View Full Version : To draw or not to draw
February 11, 2009, 07:43 PM
I've been told competing viewpoints about when it is prudent to draw my firearm.
Viewpoint1: You should never draw your weapon unless, upon doing so, you are preparing to use potentially deadly force. Anything else is brandishing / doing something that can escalate an action farther than it might very well not have.
Viewpoint2: You are within your rights to draw your weapon if you geniuinely feel threatened. Immediately firing upon drawing your weapon could be viewed as evidence that you "lured him / her in" so you could have a reason to shoot. Drawing your weapon without shooting gives you the possibility of averting an attack without necessessarily having to result to potentially deadly force.
I'd be interested to hear your thoughts. I can see some measure of merit in both.
February 11, 2009, 07:52 PM
Viewpoint 1: You might be too late, so practice your draw
Viewpoint 2: If you want to shoot something, go to a range
February 11, 2009, 07:52 PM
I will verbally direct the subject up until my life is in danger then draw and fire unless he turns and runs. Its hard to say you feared for your life when the hole is in the perp's back.
February 11, 2009, 08:09 PM
If it's a conflict that seems to be getting amped up, I'm doing everything possible to use words and body language to diffuse the situation. Take the high road, apologize, etc etc, whatever it takes to try and slow things down and find a way out. If it gets out of hand where I'm forced to draw, I'm probably going to fire.
If it's a robbery or someone with a weapon and I have space, I could realistically see myself drawing to stop the event, and I would very much hope to do this without shots fired.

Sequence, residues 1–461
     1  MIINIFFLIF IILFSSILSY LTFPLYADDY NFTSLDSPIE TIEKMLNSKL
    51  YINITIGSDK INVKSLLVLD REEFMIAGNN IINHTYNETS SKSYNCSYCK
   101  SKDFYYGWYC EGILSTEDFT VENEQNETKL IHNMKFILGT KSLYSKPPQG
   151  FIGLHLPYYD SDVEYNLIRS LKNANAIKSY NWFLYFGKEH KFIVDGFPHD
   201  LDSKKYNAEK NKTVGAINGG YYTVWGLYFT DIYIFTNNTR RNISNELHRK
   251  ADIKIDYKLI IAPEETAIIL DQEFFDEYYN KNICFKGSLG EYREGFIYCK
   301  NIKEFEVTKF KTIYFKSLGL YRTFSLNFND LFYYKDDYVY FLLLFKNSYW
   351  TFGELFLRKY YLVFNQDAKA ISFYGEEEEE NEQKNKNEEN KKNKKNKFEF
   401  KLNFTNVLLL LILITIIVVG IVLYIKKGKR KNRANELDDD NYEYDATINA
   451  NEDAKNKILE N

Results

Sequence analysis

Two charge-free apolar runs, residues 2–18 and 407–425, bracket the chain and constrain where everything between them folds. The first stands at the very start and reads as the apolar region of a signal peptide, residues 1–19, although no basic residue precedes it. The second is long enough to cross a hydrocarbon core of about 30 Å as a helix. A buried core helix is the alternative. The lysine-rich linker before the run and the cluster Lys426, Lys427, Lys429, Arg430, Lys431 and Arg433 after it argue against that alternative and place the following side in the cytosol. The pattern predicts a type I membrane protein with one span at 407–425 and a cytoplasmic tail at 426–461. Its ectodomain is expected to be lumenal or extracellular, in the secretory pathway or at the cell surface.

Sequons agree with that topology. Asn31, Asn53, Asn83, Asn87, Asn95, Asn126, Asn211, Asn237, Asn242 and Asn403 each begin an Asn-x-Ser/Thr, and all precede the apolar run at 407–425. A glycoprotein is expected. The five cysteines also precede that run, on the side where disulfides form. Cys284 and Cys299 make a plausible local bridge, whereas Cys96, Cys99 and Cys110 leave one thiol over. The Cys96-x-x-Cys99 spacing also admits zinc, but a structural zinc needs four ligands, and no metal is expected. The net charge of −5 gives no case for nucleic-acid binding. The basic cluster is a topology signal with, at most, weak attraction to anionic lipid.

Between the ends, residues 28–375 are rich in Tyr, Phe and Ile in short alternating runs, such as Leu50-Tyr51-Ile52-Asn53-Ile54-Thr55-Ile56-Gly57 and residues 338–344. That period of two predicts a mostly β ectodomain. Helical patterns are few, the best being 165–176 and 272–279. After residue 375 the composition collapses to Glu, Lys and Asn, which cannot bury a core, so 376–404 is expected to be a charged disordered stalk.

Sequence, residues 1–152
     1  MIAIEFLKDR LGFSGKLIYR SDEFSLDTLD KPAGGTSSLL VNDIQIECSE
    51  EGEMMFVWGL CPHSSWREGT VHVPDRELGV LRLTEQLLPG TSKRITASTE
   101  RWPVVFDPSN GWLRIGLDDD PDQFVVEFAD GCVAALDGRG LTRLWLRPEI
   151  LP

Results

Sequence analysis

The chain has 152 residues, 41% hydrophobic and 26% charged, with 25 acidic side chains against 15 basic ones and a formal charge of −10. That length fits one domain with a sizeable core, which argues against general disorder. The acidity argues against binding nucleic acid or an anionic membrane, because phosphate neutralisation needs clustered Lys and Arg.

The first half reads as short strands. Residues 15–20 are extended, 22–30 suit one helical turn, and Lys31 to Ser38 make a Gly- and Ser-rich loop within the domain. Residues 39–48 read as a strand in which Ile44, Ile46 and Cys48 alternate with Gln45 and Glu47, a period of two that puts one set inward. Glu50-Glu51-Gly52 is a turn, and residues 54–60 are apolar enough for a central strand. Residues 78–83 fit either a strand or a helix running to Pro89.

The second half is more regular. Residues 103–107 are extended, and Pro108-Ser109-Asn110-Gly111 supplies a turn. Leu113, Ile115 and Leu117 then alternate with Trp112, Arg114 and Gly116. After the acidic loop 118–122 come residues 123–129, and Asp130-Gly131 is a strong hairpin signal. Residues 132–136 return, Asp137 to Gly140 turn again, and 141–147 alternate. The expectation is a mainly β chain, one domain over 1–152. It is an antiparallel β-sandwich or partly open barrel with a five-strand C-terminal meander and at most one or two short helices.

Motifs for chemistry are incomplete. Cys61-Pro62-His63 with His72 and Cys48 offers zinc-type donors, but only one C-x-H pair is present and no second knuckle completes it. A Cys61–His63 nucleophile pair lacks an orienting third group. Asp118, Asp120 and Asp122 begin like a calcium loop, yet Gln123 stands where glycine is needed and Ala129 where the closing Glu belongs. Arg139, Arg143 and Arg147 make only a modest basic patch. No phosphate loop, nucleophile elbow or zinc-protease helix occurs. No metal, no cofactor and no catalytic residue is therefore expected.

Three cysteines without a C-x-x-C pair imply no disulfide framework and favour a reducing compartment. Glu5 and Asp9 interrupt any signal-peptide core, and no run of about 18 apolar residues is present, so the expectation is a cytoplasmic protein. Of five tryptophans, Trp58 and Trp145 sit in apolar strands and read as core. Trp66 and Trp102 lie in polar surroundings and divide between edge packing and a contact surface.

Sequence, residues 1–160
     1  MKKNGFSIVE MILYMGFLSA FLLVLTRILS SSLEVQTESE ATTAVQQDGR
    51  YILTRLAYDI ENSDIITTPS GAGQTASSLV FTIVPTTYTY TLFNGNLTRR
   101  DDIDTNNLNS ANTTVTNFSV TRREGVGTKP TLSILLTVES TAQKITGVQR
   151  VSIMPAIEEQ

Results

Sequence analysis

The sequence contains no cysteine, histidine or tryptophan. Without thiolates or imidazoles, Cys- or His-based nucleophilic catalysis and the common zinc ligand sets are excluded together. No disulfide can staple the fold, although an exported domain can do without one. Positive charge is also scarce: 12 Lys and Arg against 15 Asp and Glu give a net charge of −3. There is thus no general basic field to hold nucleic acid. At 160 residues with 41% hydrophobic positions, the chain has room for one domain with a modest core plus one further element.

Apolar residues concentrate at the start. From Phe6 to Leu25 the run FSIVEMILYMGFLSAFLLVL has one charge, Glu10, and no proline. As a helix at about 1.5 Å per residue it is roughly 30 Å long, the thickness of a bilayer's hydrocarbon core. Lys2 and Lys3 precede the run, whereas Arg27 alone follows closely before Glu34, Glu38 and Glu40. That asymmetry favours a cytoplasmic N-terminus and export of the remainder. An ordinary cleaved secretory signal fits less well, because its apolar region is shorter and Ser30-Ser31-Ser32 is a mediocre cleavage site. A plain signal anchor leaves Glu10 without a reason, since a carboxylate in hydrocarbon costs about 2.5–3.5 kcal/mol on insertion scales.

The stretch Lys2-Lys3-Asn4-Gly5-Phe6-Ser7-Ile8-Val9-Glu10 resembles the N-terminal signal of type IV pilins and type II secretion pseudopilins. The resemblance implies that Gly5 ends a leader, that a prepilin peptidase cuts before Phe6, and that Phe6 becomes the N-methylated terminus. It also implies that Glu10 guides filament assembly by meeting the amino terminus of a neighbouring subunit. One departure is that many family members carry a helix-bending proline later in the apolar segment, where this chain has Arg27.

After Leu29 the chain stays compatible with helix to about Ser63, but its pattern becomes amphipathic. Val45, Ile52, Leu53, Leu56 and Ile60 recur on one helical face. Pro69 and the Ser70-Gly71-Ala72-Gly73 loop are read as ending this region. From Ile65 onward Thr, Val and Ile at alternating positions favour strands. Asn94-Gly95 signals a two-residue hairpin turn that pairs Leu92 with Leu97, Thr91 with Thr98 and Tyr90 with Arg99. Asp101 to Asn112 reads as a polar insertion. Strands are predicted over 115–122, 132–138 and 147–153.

This is about a thousand miles from a cut & dried scenario, so it's just about impossible to accurately answer the original question. It really does depend on the situation.
But I will safely say that, yes, I am in the group of people that does believe that certain situations might call for presentation, low-ready or even sighting on target and yet still leave the option of not firing and not going through with shooting someone.
Around these forums, I've seen a lot of very strong, written in stone opinions where there is no such thing as a presentation without shots fired. I don't subscribe to that line of thinking.
February 11, 2009, 08:29 PM
if i feel threatened enough to draw, then my life is in danger, that means im firing.
that is how i practice too.
February 11, 2009, 08:35 PM
It all depends. Sometimes you could have the right to kill but it don't necessarily have to. Case in point. A few years back my neighbors girls started scramming, all three of them in their teens. I grabbed my S & W M&P .38 and jumped the fence in a heartbeat finding two men in the backyard. Apparently the revolver did not have a big psychological impact on the intruders. Upon giving a command to halt at a distance of @10 feet, one of the subjects hesitated and kept walking towards me. I believe I could have legally taken this man's life right there.
I opted to do something stupid. While looking at the man's eyes I pointed the revolver a little to the right approx. 1-2 feet without aiming and fired. The man stopped. I told him the next three would go in his chest.
No one got killed or shot, so it was a good ending.
February 11, 2009, 09:23 PM
In SC, you may draw only if you are in fear of imminent loss of life or severe bodily injury.
Under this doctrine, drawing and immediately shooting would be permitted. However, your first option is to draw, your last option is to shoot.
Remember, the BG has to have:
February 11, 2009, 09:59 PM
I see two common schools of though, which I believe are the ones you are getting at:
1. Draw when intending to shoot, expecting to shoot immediately.
2. Draw when willing to shoot, expecting to have to shoot imminently.
I'm an advocate of the second school, believing it to be reasonable, prudent, and defensible.
vBulletin® v3.8.7, Copyright ©2000-2015, vBulletin Solutions, Inc.